The initiative to implement Cognitive Tutors in six schools in Chile, a collaboration between UC and Carnegie Mellon University, have shown significant improvements in students’ learning, helping decrease inequities inside the classroom.
Read more in: Revista Qué Pasa (in spanish)
The group TECHNOLOGIES FOR DIGITAL LEARNING LAB congratulates Ronald Perez and Jorge Maldonado, who presented a publication in the 42nd Latin American Informatics Conference, CLEI 2016, which will be held in the city of Valparaiso between October 10th and October 14th of 2016.
The name of the accepted article is “How to design tools for supporting self-regulated learning in MOOCs? Lessons learned from a literature review from 2008 and 2016”.
This paper presents a systematic literature review that examines and analyzes the articles from 2008 until 2016 that have addressed the development of tools to support Self-Regulated Learning (SRL) in online and MOOC environments. The findings denote that: (1) there is a lack of tools to support SRL in MOOC environments; (2) the evaluation of the existing tools are not aligned whit the objectives of the research; (3) current research presents proposal of tools but very few achieve the stage of implementation; and (4) current existing tools tend to support many SRL strategies at the same time. Finally, it ends with a set of lessons learned for guiding the implementation of tools to support SRL strategies in MOOCs environments.
The authors Ronald Pérez (Department of Computer Science, Pontificia Universidad Católica de Chile, Chile and Universidad de Costa Rica, Headquarters Pacific, Costa Rica), Mar Pérez-Sanagustín (Department of Computer Science, Pontificia Universidad Católica de Chile, Chile) and Jorge Maldonado (Department of Computer Science, Pontificia Universidad Católica de Chile, Chile and Department of Computer Science, Universidad de Cuenca, Ecuador) must present their research at the conference in order to receive the feedback necessary within this event.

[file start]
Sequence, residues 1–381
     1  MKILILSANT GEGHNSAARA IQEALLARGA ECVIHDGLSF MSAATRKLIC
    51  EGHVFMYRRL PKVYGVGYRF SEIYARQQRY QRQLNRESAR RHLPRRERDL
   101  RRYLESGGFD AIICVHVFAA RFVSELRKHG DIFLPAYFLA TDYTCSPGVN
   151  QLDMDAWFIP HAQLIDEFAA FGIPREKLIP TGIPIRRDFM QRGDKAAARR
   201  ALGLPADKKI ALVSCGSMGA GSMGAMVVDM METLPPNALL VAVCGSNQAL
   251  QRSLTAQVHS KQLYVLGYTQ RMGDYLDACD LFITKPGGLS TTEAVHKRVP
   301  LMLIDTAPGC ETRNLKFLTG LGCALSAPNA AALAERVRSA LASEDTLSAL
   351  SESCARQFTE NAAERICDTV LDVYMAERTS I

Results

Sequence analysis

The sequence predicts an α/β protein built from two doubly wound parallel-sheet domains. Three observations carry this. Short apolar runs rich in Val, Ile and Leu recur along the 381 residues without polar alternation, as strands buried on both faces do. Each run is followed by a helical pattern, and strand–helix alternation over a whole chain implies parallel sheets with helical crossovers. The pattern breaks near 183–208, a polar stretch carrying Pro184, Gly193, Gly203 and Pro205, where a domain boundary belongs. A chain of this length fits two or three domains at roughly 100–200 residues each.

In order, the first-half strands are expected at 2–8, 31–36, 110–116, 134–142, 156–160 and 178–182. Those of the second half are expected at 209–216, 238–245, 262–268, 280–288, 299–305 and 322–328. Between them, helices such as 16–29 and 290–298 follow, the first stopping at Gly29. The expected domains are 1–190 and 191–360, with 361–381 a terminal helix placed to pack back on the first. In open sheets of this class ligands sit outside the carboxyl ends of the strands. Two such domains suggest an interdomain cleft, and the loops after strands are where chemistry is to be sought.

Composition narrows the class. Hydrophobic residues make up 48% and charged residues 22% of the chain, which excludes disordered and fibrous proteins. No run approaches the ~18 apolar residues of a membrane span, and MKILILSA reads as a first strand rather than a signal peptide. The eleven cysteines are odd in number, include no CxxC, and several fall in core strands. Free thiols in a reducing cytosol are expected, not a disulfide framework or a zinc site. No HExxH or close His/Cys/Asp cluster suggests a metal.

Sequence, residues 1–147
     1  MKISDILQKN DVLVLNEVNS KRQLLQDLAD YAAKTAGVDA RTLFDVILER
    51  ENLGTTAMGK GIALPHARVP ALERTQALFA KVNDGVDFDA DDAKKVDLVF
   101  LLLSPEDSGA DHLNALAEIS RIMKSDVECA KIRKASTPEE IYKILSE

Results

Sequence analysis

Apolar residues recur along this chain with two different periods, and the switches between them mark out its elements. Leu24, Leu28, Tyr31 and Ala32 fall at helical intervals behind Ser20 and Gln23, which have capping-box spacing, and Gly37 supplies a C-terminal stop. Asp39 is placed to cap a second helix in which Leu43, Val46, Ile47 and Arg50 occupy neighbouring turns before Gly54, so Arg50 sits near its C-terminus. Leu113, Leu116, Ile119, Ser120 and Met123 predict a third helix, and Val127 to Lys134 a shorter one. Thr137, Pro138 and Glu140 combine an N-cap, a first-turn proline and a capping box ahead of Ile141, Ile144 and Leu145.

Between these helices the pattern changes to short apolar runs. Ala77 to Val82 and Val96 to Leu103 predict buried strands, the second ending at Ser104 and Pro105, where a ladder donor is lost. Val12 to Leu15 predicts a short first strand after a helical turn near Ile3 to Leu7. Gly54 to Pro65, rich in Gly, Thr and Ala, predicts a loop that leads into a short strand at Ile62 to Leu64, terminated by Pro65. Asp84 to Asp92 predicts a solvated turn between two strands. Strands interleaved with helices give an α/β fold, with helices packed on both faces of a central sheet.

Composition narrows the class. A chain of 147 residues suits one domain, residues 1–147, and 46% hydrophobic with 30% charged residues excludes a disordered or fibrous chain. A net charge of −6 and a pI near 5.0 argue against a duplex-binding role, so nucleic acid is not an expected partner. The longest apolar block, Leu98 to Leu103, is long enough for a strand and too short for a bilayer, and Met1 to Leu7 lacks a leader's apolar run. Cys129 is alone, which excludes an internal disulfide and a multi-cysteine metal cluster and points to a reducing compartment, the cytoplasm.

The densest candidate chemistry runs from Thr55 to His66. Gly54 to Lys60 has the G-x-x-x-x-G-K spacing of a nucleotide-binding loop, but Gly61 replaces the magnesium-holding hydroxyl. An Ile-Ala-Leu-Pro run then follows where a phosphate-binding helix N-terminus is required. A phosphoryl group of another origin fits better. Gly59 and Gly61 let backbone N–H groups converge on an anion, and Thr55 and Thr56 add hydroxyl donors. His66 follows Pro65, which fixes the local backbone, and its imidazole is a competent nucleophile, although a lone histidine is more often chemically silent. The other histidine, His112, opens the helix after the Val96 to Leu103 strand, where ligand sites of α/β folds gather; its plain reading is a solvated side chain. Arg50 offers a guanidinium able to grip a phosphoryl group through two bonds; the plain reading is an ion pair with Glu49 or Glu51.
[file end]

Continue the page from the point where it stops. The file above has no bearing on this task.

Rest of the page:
The article “Does taking a MOOC as a complement for remedial courses have an effect on my learning outcomes? A pilot study on calculus” written by Mar Pérez-Sanagustín, Josefina Hernández, Claudio Gelmi, Isabel Hilliger and Fernanda Rodríguez will be published in EC-TEL 2016. This paper presents the results of a pilot study about students’ adoption and learning outcomes of 4 MOOCs proposed as a complementary resource for traditional remedial courses on calculus.
The data analysis shows that up to 16% of the students were active in the MOOCs under study, mostly during the days before taking the diagnostic exam that preceded the traditional face-to-face remedial courses. We observe that active students had more chances of passing the diagnostic exam and skipping the required remedial courses. However, we found no significant differences on the remedial course exam scores between the students that were active in the MOOCs and those that were not. These findings suggest that MOOCs are a good solution to strengthen-ing skills and reviewing concepts, but that more guidance is needed when used as a complement to traditional f2f courses.
The article is currently in press.